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A Minor Candidate’s Suits to Be on Presidential Election Ballots

Robert Timothy Reagan, Margaret S. Williams, Marie Leary, Catherine R. Borden, Jessica L. Snowden, Patricia D. Breen, Jason A. Cantone
October 14, 2020
Available Online Only

De La Fuente Guerra v. Democratic Party of Florida (Robert L. Hinkle, N.D. Fla. 4:16-cv-26), De La Fuente v. Kemp (Richard W. Story, 1:16-cv-256) and De La Fuente v. Kemp (Mark H. Cohen, 1:16-cv-2937) (N.D. Ga.), De La Fuente v. South Carolina Democratic Party (Cameron McGowan Currie, D.S.C. 3:16-cv-322), De La Fuente Guerra v. Winter (Robert C. Brack, D.N.M. 1:16-cv-393), De La Fuente v. Krebs (Roberto A. Lange, D.S.D. 3:16-cv-3035), De La Fuente v. Cortés (John E. Jones III, M.D. Pa. 1:16-cv-1696), De La Fuente v. Wyman (Benjamin H. Settle, W.D. Wash. 3:16-cv-5801), De La Fuente v. Alcorn (Liam O’Grady, E.D. Va. 1:16-cv-1201), and Alliance Party v. District of Columbia Board of Elections (James E. Boasberg, D.D.C. 1:20-cv-2319)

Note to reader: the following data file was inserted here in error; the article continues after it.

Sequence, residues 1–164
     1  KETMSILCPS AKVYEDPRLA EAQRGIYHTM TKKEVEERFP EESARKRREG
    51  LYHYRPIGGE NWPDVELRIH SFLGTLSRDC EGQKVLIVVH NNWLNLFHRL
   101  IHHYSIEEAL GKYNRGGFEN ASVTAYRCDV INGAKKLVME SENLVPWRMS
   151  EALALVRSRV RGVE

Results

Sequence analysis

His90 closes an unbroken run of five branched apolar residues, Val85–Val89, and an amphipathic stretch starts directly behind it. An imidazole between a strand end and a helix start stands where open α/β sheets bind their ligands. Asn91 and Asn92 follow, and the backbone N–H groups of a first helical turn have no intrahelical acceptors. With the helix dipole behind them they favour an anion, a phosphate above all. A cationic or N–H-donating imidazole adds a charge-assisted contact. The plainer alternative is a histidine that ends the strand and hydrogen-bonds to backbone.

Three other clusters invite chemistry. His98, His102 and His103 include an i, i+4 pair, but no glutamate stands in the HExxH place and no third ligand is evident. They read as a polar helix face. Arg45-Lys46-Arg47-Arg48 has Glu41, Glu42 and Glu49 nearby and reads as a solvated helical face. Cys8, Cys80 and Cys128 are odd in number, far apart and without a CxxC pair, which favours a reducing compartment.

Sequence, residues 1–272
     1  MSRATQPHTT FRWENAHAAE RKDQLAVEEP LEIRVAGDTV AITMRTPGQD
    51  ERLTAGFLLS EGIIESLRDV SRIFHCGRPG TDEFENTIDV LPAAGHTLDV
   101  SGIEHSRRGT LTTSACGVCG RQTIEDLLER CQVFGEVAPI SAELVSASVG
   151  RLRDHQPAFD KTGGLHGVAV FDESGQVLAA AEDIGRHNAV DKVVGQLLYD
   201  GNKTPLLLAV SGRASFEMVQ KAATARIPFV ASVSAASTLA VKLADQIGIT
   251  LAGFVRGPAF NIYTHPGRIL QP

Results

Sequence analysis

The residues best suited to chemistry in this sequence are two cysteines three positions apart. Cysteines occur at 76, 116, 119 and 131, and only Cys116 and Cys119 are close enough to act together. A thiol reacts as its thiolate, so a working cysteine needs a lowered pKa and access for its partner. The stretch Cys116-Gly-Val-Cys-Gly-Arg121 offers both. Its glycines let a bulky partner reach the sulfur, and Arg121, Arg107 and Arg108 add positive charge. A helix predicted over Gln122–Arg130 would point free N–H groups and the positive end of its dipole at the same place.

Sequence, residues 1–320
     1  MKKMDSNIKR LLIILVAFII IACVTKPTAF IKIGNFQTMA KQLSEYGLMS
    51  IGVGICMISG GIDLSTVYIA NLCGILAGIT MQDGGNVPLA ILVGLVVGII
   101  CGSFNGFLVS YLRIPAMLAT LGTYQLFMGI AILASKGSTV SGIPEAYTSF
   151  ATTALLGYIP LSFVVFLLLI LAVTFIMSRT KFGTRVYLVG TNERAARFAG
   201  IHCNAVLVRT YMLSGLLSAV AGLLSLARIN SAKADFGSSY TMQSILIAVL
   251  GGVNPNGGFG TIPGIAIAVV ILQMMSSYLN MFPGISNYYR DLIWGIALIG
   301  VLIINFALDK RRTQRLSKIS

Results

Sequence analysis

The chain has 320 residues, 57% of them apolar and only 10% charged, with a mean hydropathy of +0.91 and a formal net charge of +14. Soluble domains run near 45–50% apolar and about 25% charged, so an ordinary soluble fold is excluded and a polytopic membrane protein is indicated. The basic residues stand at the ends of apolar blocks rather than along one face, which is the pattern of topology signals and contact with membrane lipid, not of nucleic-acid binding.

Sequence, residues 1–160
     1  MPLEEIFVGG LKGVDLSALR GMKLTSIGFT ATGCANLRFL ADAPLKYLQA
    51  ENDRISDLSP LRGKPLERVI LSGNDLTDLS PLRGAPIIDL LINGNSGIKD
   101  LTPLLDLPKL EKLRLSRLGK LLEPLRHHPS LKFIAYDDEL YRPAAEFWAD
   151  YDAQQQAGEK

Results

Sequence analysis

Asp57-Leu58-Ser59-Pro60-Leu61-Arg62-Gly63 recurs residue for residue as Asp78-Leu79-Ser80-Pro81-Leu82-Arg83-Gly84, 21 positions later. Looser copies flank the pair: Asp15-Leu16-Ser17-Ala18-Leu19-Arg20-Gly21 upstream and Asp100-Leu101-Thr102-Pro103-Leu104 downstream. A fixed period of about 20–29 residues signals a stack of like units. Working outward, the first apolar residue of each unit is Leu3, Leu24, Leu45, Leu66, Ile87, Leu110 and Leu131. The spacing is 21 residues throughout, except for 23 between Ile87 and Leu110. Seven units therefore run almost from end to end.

A prospective candidate for president in 2016 filed federal complaints challenging his exclusion from primary election and general election ballots in several states. In 2018, the candidate achieved a change to ballot access rules in Virginia. Litigation by the candidate for the 2020 election was largely unsuccessful.
Subject: Getting on the ballot. Topics: Getting on the ballot; pro se party; laches; primary election; matters for state courts; Electoral College; absentee ballots; interlocutory appeal; attorney fees.

One of many Case Studies in Emergency Election Litigation.